When we talk about sound bars, it is irremediably the image of a fairly long product, sometimes accompanied by a subwoofer and which proudly sits in front of a TV that comes to mind. The interest of a sound bar for the living room is no longer to be proven: reduced size compared to a 5.1 or 7.1 satellite system, ease of installation and use… A product category that has convinced the audience and which can significantly boost the sound quality of its TV. What if all of this also applies to your PC?
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The idea of a soundbar for PC, like the SoundSlayer from Panasonic that we are testing here, is to replace a 2.1 installation (subwoofer + 2 satellite) with a single device, which will easily fit. install under your screen, facing you. On paper, the SoundSlayer has strong arguments to convince : 80 watts RMS power, 5 speakers (2 for midrange, 2 tweeters for treble, 1 woofer for bass), Dolby Atmos, DTS Virtual: X and DTS: X compatibility, a Bluetooth mode to connect a smartphone or a tablet, all in a really small size. The SoundSlayer is indeed only 43 cm long, 13 cm wide and 5 cm high, for a weight of 1.8 kg. The bar is about as bulky as a gaming keyboard, so it’s easy to install, with a few minor details. It is indeed necessary to provide a little distance on your desk to properly wedge it flat, or else hope that the foot of your screen is wide enough for it to fit entirely on it.
The installation itself is rather simple: the soundbar requires a remote power supply to operate and it connects via two HDMI ports, one to the screen and the other to the source (PC or console). It is an HDMI ARC (Audio Return Channel) type “passthrough” system, which reduces the number of cables required for proper operation. No driver is therefore present and the bar is detected, conventionally, as a new audio source by your operating system.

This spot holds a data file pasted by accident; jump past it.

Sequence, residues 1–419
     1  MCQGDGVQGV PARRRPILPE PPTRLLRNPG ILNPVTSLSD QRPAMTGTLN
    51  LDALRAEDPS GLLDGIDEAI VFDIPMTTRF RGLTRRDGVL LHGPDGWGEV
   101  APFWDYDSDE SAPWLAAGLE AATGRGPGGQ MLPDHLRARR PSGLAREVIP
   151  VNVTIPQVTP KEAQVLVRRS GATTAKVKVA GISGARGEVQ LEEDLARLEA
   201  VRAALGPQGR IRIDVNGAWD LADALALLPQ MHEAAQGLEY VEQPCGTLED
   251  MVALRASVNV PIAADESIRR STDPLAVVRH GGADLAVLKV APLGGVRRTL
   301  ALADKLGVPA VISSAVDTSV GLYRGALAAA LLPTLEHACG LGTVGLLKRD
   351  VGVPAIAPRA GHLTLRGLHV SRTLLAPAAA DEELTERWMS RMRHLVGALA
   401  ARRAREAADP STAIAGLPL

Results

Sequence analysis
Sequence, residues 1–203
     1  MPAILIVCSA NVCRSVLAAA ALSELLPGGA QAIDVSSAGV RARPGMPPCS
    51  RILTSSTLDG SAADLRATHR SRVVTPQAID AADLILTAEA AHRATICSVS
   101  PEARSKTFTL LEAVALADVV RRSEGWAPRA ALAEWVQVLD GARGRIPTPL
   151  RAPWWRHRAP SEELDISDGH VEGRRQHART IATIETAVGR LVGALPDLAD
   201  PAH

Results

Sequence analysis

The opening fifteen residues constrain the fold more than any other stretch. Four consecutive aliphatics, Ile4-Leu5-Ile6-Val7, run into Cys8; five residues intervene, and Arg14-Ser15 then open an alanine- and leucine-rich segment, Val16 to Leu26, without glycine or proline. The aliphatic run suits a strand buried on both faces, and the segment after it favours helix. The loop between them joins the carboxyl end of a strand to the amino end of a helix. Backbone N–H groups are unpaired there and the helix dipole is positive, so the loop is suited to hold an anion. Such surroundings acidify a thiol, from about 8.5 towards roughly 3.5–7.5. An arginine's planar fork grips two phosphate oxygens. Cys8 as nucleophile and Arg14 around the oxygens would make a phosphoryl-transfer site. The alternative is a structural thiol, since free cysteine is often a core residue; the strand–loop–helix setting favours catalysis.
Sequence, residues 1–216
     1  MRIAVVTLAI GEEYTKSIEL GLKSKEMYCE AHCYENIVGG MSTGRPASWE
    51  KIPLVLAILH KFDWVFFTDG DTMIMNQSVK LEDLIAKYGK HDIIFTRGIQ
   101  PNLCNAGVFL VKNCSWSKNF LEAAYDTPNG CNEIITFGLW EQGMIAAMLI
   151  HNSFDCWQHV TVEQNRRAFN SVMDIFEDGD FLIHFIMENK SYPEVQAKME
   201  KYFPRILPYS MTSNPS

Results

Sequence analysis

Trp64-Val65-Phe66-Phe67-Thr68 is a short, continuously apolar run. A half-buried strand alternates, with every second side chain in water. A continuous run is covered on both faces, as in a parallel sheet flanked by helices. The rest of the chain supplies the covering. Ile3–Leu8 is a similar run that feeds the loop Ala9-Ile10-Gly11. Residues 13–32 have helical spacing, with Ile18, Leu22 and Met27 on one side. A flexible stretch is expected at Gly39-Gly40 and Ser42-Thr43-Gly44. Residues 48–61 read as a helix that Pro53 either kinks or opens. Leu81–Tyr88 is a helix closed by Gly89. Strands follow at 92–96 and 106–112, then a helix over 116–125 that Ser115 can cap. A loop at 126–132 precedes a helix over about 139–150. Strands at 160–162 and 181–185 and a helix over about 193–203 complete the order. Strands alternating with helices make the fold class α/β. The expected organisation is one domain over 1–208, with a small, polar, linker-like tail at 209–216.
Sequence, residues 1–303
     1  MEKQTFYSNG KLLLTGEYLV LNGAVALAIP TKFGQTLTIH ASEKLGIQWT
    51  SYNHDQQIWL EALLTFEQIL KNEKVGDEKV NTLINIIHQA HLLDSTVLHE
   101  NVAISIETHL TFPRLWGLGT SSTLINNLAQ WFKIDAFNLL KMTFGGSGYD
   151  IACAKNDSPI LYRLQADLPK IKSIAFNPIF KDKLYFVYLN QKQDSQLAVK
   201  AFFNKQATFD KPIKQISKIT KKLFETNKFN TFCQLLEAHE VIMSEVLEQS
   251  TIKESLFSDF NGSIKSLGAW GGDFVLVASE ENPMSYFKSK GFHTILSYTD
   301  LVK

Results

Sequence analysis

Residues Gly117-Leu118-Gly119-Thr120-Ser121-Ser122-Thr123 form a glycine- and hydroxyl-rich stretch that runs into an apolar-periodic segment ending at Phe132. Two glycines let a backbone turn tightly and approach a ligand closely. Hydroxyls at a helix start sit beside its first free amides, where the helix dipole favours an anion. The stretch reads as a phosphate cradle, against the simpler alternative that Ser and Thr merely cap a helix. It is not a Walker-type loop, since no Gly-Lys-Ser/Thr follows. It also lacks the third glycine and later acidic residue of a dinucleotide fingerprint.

Ergonomics to review
If the installation is simple, the daily use is unfortunately a little less. Panasonic seems to have forgotten that a soundbar for PC is located within arm’s reach of the user and has not provided its product with a button on the front. Only a few buttons on the right side, relatively difficult to access, allow you to turn the device on or off, adjust the volume, change the source and start Bluetooth pairing. All other settings must be made via the supplied remote control, which is not an ergonomic model either. It is thanks to it that you will change the sound profile (music, cinema, games, or “standard”), activate or not surround sound, adjust the bass level or even activate the “Clear Dialog” function which puts the voice forward. The remote control is therefore quite complete, but we are therefore extremely dependent on it and the sound bar becomes almost unusable if we lose it.. Add to that a rather incomprehensible LED system on the front and you get a product that is not very ergonomic, which does not encourage experimentation with the different modes. And that’s a shame, especially since, on the sound side, the SoundSlayer is doing surprisingly well.
First reflex to have when you turn it on: activate the “3D Surround” mode to gain in scale. Without this option activated, the sound remains very flat and cramped, even for music. The SoundSlayer thus becomes a very correct speaker for listening to music on your PC. It is anyway powerful enough to properly sound a medium-sized living room. By increasing the volume, the rendering remains very clean with little audible distortion. In short, without achieving the quality of a high-end model or an audiophile hifi system, the Panasonic SoundSlayer. Effectively can greatly improve the sound of any PC screen. The highs are precise, the mids are not aggressive and the bass, although a little behind, keeps a sufficient presence, both for music and for a film.